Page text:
In the same way, the donor was represented at the feet of the Virgin and Child, in the mural altarpiece of Endériz from the middle of the 16th century. In some Renaissance crucifixes, such as that of Aramendía (1559), the kneeling donor appears, an ecclesiastic with realistic features on his face. In the Wayside Cross of Saragüeta the figure kneeling at the foot of the cross has lost the head and it is possible that it was either the donor or the Magdalena. The Allo copy belongs to the end of the 16th century. Its donor, in ecclesiastical costume, is identified with Don Martín López Royo, archpriest of La Solana and beneficiary of Allo.

The definitive withdrawal of the donor in small size and subordinate would be confirmed as a trend with the advance of the century and can be seen in the portrait of an abbot of Fitero, possibly Alvarez de Solis, in the altarpiece of the Assumption of the monastery, where his figure is equated to that of the apostles and even enlarged a little to be more visible. These were the times of the reign of Philip II, in which the portrait as a genre, loaded with works and contents, had made its place in the panorama of Spanish painting. The portrait of Don Luis Enríquez Cervantes de Navarra, prior of Berlanga, of the altarpiece of the Assumption and the Victory of Cascante, work of a good painter follower of Rolan Mois, belongs to the final years of the XVI century.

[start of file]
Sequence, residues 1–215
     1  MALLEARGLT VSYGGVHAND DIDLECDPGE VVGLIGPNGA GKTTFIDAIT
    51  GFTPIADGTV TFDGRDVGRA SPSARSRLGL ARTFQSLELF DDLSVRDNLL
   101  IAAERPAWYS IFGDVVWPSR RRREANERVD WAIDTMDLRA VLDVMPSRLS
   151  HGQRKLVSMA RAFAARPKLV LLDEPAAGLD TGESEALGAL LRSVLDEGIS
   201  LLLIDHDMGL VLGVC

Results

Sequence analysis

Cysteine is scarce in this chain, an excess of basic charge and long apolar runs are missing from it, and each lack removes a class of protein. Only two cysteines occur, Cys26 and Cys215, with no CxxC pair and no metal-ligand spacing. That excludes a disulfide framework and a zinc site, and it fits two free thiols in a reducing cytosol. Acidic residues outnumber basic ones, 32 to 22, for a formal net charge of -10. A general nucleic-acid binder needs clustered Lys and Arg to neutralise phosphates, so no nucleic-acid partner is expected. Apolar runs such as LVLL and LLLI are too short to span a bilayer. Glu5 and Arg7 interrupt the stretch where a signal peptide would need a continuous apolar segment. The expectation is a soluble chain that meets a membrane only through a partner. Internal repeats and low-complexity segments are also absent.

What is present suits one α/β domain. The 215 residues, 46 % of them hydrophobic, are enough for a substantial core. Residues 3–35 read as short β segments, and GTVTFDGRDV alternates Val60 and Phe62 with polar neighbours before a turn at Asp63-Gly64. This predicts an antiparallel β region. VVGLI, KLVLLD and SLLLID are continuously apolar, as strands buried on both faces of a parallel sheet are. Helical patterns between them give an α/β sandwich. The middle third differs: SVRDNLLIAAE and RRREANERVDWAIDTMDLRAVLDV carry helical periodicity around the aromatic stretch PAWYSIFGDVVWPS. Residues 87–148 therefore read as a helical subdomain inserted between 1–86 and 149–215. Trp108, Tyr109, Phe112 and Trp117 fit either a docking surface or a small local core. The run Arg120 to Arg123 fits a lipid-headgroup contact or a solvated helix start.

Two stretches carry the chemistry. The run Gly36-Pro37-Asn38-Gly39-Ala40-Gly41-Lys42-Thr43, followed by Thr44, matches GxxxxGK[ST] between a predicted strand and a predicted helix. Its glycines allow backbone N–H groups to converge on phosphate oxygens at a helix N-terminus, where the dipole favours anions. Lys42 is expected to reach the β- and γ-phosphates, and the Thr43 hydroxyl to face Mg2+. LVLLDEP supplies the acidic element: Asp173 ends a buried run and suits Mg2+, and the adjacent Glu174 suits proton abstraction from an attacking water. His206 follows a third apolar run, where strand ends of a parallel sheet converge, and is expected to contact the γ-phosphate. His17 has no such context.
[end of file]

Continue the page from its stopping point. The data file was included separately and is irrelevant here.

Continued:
The centuries of the Baroque: towards the portrait in the field, but outside of the work

The aversion to portraiture from the early days of Christianity continued to be present among some ecclesiastics, although others forgot that modesty. In general, the figures of the donors -at large size- left the altarpieces to occupy chapels and places in convents and buildings paid for by them or from board of trustees. To the XVII and XVIII centuries belong true portraits of half or full body, in which the baroque rhetoric can be seen in all its splendor.